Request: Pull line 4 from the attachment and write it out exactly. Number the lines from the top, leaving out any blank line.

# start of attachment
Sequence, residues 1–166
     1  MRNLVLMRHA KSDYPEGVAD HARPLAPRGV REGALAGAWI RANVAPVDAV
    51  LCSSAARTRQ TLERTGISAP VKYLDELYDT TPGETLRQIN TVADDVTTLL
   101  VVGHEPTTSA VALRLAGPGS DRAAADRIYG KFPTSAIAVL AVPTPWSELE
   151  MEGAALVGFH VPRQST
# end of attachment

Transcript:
   101  VVGHEPTTSA VALRLAGPGS DRAAADRIYG KFPTSAIAVL AVPTPWSELE